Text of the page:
Transferring the legal ownership of shares

To apply the test for complete constitution of a trust, you need to know what the requirements are for a gift of the kind of property in question. Shares in public companies must be transferred via the Stock Exchange. If it is a private company, the donor must execute a stock transfer form and deliver it to the donee with the share certificate. It is not enough to lodge the transfer with the donor’s own agent.

Application to Milroy v Lord

The intention was to transfer the shares into the name of the trustee, not for the owner to declare himself trustee. The deed did not effect a transfer. The legal owner had the power to transfer the ownership of the shares by registering the name in the company books, but had not done so. The trust was therefore not completely constituted because the settlor had not done everything in his power to effect the transfer.

“Everything in his power”

In Re Fry (1946) the paperwork had been completed by the settlor but the share transfer required permission from the Treasury, which had not been obtained by the time of death of the testator. It was possible the Treasury would have asked for more information. It might have been possible for the testator to refuse to answer more questions and to pull out of the transaction. As the ‘additional step’ involved the original owner of the shares, the transfer was not complete.

It might be expected that getting permission was outside Fry’s control and therefore he had done everything within his own power that had to be done. However, the court held that there was potentially more for Fry to do because he could answer any Treasury questions. Therefore the trust was not completely constituted.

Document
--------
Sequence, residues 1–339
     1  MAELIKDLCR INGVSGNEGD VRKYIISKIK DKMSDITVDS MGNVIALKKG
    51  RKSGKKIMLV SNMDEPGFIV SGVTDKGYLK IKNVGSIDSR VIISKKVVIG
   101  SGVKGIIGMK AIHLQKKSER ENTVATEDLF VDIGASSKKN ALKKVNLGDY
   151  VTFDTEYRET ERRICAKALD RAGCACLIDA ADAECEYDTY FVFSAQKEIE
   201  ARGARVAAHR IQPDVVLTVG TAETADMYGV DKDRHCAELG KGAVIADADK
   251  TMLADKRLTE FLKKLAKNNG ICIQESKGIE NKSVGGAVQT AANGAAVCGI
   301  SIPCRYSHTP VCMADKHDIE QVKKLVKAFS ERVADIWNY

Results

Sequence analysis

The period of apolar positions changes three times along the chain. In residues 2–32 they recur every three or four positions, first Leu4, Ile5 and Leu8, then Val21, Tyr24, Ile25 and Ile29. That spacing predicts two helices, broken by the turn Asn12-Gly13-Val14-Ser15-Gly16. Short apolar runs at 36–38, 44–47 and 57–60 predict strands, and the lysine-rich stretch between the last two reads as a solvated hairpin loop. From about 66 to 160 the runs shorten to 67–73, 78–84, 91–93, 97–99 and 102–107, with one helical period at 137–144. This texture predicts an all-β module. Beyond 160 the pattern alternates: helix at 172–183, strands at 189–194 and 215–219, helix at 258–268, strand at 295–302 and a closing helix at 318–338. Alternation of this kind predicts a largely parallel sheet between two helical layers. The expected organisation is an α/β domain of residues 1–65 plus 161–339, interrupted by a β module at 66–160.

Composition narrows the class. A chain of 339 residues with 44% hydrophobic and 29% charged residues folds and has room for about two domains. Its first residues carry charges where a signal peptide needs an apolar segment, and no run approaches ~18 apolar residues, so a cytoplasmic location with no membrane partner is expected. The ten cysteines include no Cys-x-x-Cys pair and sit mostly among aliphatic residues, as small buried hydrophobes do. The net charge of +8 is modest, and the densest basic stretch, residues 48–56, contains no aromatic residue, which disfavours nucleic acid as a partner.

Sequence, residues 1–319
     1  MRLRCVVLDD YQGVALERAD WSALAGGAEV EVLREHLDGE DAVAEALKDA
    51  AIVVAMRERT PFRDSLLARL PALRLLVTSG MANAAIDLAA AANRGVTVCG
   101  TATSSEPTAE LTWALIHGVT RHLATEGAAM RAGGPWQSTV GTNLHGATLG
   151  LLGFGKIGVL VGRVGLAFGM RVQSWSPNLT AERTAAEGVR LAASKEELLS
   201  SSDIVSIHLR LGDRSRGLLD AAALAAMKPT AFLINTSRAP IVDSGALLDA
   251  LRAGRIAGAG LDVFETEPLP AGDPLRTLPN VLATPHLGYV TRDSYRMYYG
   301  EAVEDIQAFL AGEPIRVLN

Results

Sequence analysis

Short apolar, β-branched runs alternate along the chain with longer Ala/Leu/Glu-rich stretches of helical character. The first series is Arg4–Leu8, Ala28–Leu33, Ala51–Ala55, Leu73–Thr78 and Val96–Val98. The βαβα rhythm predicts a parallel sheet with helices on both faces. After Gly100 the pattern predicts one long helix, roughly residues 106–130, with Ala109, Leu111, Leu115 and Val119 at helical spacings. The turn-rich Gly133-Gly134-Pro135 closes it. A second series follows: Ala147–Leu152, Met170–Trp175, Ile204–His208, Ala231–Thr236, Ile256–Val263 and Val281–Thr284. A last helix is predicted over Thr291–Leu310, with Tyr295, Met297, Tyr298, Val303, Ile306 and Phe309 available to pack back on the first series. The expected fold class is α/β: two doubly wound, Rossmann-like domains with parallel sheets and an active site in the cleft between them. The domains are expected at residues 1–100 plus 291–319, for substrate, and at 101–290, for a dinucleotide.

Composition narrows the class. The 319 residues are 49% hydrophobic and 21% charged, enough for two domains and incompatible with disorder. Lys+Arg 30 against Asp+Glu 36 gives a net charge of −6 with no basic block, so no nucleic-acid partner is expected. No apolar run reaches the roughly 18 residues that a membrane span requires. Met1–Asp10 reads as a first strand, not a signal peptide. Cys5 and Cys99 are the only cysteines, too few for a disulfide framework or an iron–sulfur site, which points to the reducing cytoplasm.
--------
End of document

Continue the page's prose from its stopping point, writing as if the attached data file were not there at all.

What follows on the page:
Re Rose (1952)

The deceased had sought to transfer shares to his wife and another, to be held on trust but there was a delay in registering the change in share ownership. For tax purposes, it was necessary to determine if the transfer was effective to dispose of his legal interest or if it continued until the new ownership was registered. The shares were held in a private company, which had the power to refuse to register someone as a shareholder. The deceased and the transferees were themselves directors of the company, and thus the people with that power.

The transfer was signed by both transferor and transferee and it conformed with the company requirements. The deed of transfer was delivered to the transferee, the trust was completely constituted and therefore Mr Rose was no longer the legal owner of the shares as soon as he signed the transfer deed of transfer. Thus, there was no estate duty payable on the shares.

The only thing left was for the new shareholders to be registered in the company register. Although directors had the power to refuse to register the change of ownership, this case contrasted with Re Fry because Mr Rose was one of the directors and the other directors were the intended recipients of his shares. What if Rose had changed his mind about the transfer? Would there have been any means to force him – as director – to register the change of ownership?